Finally, all my just debts paid, and my wife's thirds kept entire, I would have the whole of my remaining estate to be divided, as portions to the rest of my children, to wit: my three sons and four daughters, according to equal valuations and proportions, the same to be payable on the day of their respective marriages, or one month after; but if they be not married, then the male children---their portions sh[all] be payable when they are of the age of twenty.

Furthermore, I would have my lesser boys to be taught to read the Eng[lish] toungue and to write a legible had, and all my ch[il]dren that be at home with me to have, each of them a new Eng[lish] Bible, and a good Eng[lish] book out of the library, such as they, by the advice of their mother, sh[all] choose.

Likewise, I do request and hereby ordain my trusty and well-beloved brethren and friends, Mr. Jasper Crane, Mr. Rob. Treat, Lieut. Swaine, Brother Tomkins, Bro. Lawrence and Bro. Sergeant Ward to become supervisors of this, my last will and testament, to be helpful unto my wife and to see that this, my last will, be faithfully executed, and when any one of these sh[all] die, or depart the place, the rest sh[all] , with my wife's consent, appoint some faithful man to fill up the empty place. In witness whereunto, I have set my hand, the day and year first above written-witness Thomas Pierson
                                   (signed) Abraham Pierson

John Ward, Michael Tompkins and Thomas Pierson made the inventory, 12 March 1678/9, valued at £854 7s 7d. Among the inventory was his library of 440 volumnes, valued at £140, doubtless the largest library in East or West Jersey at the time. As shown above, most of the the books were given to his son Abraham, and as he later became the first president of Yale, they may have become the foundation for the Yale library.

Letters of administration on the estate were granted to the widow, Abigail Pierson, 18 March 1678/9.22


Abigail Mitchell b. 26 Apr 1618, d. bef. 5 Jun 1696
  • Thomas Pierson+2,3 b. 1642, d. bef. 1684
  • John Pierson2,3 b. 1643, d. bef. 1671
  • Abigail Pierson2,3 b. 1644, d. 1718
  • Abraham Pierson2,3 b. 1645, d. 7 Mar 1707
  • Grace Pierson+2,3 b. 31 Jul 1650, d. bef. 1690
  • Susanna Pierson+2,3 b. 10 Dec 1652, d. 4 Jan 1707
  • Rebecca Pierson2,3 b. 1654, d. Nov 1732
  • Theophilus Pierson2,3 b. 15 Mar 1657, d. 1717
  • Isaac Pierson2,3 b. aft. 1658
  • Mary Pierson2,3 b. aft. 1658
This person was last edited on7 Aug 2020


  1. [S27] C. H. Cory, Lineal Ancestors of Susan (Kitchell) Mulford, Mother of Mrs Susan (Mulford) Cory, Vol IV, Pt 1 ([New Jersey]: s.p., 1937), 111, further cited as Cory, Ancestry of Susan Kitchell.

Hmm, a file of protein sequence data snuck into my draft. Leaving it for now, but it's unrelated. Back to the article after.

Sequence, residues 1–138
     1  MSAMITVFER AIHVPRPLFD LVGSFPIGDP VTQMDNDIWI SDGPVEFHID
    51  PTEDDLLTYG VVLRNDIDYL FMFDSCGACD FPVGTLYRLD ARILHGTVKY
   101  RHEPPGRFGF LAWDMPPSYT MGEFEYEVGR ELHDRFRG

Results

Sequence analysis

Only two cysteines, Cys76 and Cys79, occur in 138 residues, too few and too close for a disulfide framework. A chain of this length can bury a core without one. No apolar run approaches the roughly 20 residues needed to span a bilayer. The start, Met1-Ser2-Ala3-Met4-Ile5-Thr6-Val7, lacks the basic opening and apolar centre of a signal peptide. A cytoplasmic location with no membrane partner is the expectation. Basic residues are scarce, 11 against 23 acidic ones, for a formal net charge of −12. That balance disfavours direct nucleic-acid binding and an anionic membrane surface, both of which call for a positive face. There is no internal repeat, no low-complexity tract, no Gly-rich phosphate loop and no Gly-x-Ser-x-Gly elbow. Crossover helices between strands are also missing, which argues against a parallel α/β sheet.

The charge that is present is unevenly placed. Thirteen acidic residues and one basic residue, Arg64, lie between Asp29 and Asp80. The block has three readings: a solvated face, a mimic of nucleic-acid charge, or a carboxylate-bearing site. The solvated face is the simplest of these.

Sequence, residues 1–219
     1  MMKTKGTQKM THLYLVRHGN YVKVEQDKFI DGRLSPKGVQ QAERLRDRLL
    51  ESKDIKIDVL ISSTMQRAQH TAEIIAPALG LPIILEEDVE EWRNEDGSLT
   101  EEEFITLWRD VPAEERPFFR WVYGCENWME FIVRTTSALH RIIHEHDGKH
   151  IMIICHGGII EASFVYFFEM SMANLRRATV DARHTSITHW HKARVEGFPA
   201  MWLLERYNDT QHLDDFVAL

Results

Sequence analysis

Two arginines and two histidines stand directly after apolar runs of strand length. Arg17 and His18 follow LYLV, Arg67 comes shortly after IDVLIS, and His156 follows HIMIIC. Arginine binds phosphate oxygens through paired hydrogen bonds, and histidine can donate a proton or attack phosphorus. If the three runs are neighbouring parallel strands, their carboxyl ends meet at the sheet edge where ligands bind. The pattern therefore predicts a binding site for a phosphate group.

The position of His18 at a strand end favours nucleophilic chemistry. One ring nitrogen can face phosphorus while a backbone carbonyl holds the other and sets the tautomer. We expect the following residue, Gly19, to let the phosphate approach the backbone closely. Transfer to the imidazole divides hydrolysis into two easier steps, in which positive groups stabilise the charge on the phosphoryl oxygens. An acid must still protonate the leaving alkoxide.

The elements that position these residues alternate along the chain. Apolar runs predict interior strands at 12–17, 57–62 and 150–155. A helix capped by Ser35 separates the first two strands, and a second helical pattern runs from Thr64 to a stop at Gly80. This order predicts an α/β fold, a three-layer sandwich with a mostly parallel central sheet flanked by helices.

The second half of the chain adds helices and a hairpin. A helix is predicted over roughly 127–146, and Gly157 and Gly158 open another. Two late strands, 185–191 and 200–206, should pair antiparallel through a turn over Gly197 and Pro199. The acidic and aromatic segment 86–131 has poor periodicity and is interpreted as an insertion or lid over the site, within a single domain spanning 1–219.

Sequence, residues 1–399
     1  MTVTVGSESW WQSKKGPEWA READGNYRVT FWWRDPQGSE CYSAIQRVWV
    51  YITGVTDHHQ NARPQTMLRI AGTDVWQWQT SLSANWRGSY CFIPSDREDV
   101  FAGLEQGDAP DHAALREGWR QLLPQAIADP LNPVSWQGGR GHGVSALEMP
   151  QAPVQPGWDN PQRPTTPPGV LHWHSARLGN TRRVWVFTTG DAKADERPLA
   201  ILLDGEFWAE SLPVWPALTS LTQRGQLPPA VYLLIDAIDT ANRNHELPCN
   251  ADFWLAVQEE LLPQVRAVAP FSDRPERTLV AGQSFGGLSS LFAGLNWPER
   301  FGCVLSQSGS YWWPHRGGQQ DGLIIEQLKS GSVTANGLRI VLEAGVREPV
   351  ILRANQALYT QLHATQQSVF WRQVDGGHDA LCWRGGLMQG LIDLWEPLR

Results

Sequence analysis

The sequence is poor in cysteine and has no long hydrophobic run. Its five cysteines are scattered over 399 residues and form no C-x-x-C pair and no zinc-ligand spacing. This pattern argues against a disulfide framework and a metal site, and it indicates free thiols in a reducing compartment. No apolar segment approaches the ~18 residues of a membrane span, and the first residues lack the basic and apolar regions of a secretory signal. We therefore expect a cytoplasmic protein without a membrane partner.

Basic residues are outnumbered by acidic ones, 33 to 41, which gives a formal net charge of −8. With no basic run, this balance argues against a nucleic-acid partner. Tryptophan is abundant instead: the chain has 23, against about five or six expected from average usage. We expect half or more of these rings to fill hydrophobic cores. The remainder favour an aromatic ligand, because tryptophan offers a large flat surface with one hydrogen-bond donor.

2. [S290] Merlin J. Stone, History and Genealogy of Pierson Families from 1550 to About 1900 (1909; reprint, [Ogden, Utah]: Pierson Family Association, 1972), 2-3, further cited as Stone, Pierson Families.
  3. [S27] Cory, Ancestry of Susan Kitchell, 95-115.
  4. [S2053] Robert Charles Anderson, George F. Sanborn Jr. and Melinde Lutz Sanborn, The Great Migration: Immigrants To New England, 1634-1635 (7 vols., Boston, Massachusetts: New England Historic Genealogical Society, 1999-2011), 5:127, further cited as Anderson, et al., The Great Migration.
  5. [S26] Donald Lines Jacobus, "The Wife of Rev. Abraham1 Pierson," The American Genealogist 9 (July 1932): 37-40, further cited as Jacobus, "Wife of Rev. Abraham Pierson."
  6. [S5] Donald Lines Jacobus, History and Genealogy of the Families of Old Fairfield (two vols., New Haven, Connecticut: Tuttle, Morehouse & Taylor, 1930-1932), 415, further cited as Jacobus, Families of Old Fairfield.
  7. [S1872] Clarence Almon Torrey, New England Marriages Prior to 1700, 3 vols. (Boston, Massachusetts: New England Historic Genealogical Society, 2011), 1194, further cited as Torrey, New England Marriages (2011).
  8. [S27] Cory, Ancestry of Susan Kitchell, 106.
  9. [S1323] Wikipedia Contributors, "Abraham Pierson, the elder,", (accessed Dec 2015)," Wikipedia, The Free Encyclopedia.
  10. [S27] Cory, Ancestry of Susan Kitchell, 95.
  11. [S27] Cory, Ancestry of Susan Kitchell, 96.
  12. [S27] Cory, Ancestry of Susan Kitchell, 97.
  13. [S27] Cory, Ancestry of Susan Kitchell, 98.
  14. [S27] Cory, Ancestry of Susan Kitchell, 99.
  15. [S27] Cory, Ancestry of Susan Kitchell, 100.
  16. [S27] Cory, Ancestry of Susan Kitchell, 111-112.
  17. [S27] Cory, Ancestry of Susan Kitchell, 102.
  18. [S27] Cory, Ancestry of Susan Kitchell, 103.
  19. [S27] Cory, Ancestry of Susan Kitchell, 106-7.
  20. [S290] Stone, Pierson Families, 2.
  21. [S2040] N. Grier Parke II and Donald Lines Jacobus, editor, The Ancestry of Rev. Nathan Grier Parke & his Wife Ann Elizabeth Gildersleeve (Woodstock, Vermont: s.p., 1959), further cited as Parke, Parke-Gildersleeve.
  22. [S27] Cory, Ancestry of Susan Kitchell, 107-108.